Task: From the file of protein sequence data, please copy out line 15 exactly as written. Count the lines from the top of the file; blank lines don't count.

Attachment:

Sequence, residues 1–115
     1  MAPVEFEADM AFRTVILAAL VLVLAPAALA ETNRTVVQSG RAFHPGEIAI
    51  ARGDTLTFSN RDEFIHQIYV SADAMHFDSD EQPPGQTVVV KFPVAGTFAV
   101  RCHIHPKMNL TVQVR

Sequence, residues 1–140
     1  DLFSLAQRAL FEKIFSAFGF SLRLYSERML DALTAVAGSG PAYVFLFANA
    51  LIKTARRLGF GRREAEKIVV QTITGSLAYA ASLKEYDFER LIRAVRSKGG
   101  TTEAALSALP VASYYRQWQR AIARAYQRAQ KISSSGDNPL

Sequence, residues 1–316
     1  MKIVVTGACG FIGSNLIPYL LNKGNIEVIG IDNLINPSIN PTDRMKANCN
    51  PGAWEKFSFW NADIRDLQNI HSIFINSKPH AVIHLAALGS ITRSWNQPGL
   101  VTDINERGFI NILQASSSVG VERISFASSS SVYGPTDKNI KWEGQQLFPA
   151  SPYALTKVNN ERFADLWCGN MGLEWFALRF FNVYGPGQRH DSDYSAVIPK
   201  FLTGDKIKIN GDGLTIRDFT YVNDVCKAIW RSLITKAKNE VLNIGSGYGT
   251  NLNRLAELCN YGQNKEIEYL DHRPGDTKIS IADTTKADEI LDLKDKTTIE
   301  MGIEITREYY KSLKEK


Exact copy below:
   251  NLNRLAELCN YGQNKEIEYL DHRPGDTKIS IADTTKADEI LDLKDKTTIE